Most of the women employed in Zuko are single mothers with no additional support for raising their children.  With this in mind, we also renovated and equipped one area of the Zuko factory to be suitable for children. We financed furniture, and educational books and toys for the new children’s facility. We created a safe and secure environment where children of the mothers working at the factory could play and learn while their mothers were working.

DSC_0002

Our support opened the door for Zuko to be a self-sustaining social enterprise.  Following the refurbishments, training and expansion, Zuko built the courage and capacity to take on contracts to produce tablecloths, towels, sheets and pillowcases for commercial customers.

Today, the Zuko factory is standing firm on its own feet.  It sets an example showing that with a little bit of well-targeted support, women in rural Serbia can be economically empowered to help themselves, their families and their communities.

Zuko is only one of many examples showing that an equal environment for women to participate in business should be an economic imperative for all countries. We all have a role to play in promoting gender equality and I know that I will certainly maintain this focus in Serbia for the remainder of my term.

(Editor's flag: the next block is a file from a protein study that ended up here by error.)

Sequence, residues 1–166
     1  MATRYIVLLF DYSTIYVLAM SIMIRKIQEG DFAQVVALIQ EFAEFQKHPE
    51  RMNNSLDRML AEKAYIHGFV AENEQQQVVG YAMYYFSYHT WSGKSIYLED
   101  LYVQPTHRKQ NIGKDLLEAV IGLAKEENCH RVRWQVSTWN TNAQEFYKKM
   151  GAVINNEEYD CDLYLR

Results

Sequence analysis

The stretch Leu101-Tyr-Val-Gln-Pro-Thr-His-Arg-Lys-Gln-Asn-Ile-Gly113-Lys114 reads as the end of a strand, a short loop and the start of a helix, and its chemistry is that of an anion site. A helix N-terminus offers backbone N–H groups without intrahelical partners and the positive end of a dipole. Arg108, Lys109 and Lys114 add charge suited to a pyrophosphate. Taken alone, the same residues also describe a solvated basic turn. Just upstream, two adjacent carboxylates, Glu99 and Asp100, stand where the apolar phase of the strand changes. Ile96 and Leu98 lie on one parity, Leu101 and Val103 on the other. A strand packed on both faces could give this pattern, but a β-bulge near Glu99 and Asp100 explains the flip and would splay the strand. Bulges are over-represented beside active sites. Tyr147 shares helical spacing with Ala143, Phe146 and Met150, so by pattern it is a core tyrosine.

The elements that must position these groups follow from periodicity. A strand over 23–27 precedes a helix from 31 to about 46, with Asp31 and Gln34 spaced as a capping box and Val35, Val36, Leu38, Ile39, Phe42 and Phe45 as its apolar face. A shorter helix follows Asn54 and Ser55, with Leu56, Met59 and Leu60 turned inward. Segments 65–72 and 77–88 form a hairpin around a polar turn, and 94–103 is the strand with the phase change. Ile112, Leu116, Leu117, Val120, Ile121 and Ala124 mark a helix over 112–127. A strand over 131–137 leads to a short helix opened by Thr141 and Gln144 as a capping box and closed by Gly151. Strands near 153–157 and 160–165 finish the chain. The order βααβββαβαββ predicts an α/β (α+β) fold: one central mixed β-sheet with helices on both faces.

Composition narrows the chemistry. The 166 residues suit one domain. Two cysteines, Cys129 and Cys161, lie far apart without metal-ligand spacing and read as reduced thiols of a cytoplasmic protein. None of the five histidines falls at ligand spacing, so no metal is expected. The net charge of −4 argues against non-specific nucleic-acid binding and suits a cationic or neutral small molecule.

Gender equality and empowering women has been shown to contribute to growth, development and stability. Australia has made gender equality and women’s empowerment one of six priority areas for investment in our aid program. The evidence is clear—gender equality is critical to development. Australia invests in targeted programs to promote gender equality and women’s empowerment where there are persistent challenges and progress towards gender equality has been slow.

Find out more about Australia’s assistance for gender equality.

Ms Feeney is a senior career officer with the Department of Foreign Affairs and Trade (DFAT). She has served as Counsellor at the Australian Permanent Mission to the United Nations (UN), Geneva and Second Secretary at the Australian High Commission, Nairobi.

Please follow and like us:

RSS BIDD

  • The Rising influence of Chinese Social Media 16th Jan 2019
    iir.cz image from article source: flickr.com People Can Say ‘No’: The Rising influence of Chinese Social Media It is worth noting that with the wider use of internet and social media, the social media and its users obtain stronger influence in China, both domestically and internationally. The Chinese social media users, especially the young generation […]
  • Metzgar paper published by USC Center on Public Diplomacy 16th Jan 2019
    mediaschool.indiana.edu Associate professor Emily Metzgar (Maggie Richards | The Media School) A paper by associate professor Emily Metzgar published by the USC Center on Public diplomacy [JB emphasis] analyzes the United States’ seven-decade history of government-sponsored international broadcasting.“Seventy Years of the Smith-Mundt Act and U.S. International Broadcasting: Back to the Future?” finds that while the […]